Alfredo felt great empathy for his father. So, when his father asked him how he was doing, Alfredo would pull himself together, smile cheerfully and say something like: “Great, thanks!” 

“One day my father told me to go home and try to sell the TV to make some money. While I was trying to sell the TV to a man, he assaulted me. I was big for my age and hit him. I got away.

“It has always amazed me that paedophiles have such an incredible ability to find vulnerable children. 

“I’m not proud to have hit anyone. But I had to. Later I thought: what would have happened if I had not been so big for my age? Or if I had been a less independent child?”

“It was painful to walk barefoot on pebbles all day.”

Alfredo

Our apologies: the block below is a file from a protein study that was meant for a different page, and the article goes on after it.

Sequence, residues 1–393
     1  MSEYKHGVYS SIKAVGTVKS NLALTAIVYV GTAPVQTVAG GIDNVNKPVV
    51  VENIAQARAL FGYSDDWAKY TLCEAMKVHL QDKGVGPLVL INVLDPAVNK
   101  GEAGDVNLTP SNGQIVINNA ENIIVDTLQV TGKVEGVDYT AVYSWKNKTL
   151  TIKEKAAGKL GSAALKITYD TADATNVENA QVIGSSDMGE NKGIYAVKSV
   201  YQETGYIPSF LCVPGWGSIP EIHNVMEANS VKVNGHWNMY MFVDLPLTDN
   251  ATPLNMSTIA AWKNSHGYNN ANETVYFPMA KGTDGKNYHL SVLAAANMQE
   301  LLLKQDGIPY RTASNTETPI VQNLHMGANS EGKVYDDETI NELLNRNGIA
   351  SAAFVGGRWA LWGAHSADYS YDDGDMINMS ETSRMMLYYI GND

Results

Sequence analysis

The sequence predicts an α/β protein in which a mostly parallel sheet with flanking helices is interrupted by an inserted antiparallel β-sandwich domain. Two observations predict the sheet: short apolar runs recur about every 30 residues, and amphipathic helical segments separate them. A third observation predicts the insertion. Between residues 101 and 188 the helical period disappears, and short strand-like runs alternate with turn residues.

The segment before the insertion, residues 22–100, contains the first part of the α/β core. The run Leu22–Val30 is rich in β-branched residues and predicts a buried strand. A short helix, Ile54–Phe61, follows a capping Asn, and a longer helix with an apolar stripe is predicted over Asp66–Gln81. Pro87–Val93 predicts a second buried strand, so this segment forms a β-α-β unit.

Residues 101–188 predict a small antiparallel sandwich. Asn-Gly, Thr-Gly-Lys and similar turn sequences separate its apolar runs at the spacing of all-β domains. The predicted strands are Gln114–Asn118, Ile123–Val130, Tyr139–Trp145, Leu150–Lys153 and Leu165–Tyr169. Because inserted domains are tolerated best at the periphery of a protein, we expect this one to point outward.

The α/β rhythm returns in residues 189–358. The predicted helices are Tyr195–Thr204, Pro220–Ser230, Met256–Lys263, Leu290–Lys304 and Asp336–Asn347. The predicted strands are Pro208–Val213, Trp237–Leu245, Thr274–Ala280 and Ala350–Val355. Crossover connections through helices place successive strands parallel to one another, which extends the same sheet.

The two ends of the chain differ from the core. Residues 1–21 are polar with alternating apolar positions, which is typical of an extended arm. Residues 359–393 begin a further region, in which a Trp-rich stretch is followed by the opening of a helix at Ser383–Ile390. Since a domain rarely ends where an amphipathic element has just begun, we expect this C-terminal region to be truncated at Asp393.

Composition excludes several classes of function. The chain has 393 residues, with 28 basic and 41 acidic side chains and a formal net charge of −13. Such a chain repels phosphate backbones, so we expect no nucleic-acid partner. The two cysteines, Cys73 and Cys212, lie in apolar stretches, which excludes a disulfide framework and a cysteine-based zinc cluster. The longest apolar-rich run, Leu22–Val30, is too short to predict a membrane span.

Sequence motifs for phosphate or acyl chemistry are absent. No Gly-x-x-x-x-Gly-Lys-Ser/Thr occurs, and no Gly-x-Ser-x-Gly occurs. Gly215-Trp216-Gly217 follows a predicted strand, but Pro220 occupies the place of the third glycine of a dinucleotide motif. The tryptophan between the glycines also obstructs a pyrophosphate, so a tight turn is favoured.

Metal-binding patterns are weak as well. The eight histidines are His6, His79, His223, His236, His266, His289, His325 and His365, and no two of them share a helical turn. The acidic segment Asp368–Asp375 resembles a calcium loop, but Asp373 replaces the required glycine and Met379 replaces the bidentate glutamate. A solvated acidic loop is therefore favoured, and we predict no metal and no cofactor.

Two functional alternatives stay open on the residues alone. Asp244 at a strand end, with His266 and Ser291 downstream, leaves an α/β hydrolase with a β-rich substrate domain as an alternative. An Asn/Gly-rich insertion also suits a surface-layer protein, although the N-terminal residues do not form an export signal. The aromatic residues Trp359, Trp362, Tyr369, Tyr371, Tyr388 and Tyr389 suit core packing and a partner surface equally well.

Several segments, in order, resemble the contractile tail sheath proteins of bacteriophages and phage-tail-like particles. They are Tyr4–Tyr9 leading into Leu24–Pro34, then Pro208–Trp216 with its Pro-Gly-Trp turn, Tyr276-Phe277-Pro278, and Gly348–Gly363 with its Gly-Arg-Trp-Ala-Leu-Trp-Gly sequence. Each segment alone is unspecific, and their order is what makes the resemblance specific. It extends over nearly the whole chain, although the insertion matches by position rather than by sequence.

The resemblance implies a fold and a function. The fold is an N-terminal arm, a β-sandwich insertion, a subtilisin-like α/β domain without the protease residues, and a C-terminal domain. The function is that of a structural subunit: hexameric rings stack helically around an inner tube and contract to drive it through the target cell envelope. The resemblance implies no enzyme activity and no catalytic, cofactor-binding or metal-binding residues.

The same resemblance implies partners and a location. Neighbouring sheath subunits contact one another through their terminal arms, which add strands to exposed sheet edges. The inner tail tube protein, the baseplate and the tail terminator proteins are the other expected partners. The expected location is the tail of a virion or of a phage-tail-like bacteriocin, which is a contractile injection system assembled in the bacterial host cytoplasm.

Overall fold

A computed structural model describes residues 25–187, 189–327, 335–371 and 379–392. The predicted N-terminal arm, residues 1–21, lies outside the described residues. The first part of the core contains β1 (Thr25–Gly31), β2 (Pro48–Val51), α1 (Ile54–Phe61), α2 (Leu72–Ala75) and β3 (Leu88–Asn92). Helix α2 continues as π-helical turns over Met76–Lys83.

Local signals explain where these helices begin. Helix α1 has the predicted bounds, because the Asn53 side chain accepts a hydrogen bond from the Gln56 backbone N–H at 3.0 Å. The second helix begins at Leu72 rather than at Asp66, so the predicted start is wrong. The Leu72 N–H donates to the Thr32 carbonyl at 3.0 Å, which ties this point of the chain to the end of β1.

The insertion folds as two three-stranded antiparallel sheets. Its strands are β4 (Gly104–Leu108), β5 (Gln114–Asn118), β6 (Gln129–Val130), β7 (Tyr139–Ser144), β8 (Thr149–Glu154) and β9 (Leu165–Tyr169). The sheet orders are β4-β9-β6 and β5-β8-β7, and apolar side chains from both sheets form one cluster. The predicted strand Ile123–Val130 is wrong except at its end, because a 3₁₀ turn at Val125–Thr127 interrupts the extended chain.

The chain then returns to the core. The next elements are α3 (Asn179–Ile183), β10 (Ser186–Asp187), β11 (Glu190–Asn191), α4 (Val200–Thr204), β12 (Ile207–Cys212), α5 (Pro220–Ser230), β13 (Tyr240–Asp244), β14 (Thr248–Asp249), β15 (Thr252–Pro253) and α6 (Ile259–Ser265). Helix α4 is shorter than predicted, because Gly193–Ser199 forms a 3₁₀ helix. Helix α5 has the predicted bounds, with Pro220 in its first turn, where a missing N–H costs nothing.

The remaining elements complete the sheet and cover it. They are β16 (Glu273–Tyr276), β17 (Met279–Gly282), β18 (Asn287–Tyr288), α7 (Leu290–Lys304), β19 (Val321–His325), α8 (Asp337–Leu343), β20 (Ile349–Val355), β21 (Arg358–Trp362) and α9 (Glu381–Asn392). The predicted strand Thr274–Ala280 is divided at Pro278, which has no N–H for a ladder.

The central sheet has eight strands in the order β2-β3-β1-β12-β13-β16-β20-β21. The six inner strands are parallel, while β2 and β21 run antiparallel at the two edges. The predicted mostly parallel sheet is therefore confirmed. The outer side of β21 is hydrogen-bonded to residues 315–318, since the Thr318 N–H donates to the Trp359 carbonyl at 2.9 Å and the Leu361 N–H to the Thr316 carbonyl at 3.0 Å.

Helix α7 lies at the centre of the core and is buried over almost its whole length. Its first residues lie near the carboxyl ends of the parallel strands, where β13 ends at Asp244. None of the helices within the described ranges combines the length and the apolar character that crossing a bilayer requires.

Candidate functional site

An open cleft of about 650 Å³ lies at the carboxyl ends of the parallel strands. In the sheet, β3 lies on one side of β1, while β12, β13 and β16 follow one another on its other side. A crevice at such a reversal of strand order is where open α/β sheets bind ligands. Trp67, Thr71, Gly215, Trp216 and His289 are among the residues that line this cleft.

Photo: Beate Simarud/NRC

Photo: Beate Simarud/NRC

Child labour

In Arica, Alfredo went to work for a man who ran a small aggregate plant. 

“My job was to use a wheelbarrow and sift sand and pebbles. I had no shoes. It was very painful to walk barefoot on those stones all day. I think it took me a couple of days to fill up a lorry. But on my wages, I could only afford to buy a packet of spaghetti. Then I thought: ‘This is no way to make living.’”  


“When I visited my father in prison, I saw that he had become very thin. He was about 194 cm and weighed around 60 kg. They had broken his arm. His arm had been previously fractured in the same place in a work accident. He had been operated on at the time. Now, his arm was broken again after a beating from the prison guards when he asked for more food. His arm healed crooked, and there was a deep notch in it. Later, he received an operation in Norway, where the doctors inserted titanium. It was quite funny every time Father went through the security check at airports later in life. He was always ‘beeping’.”  


Alfredo was permitted to spend the night at the aggregate plant: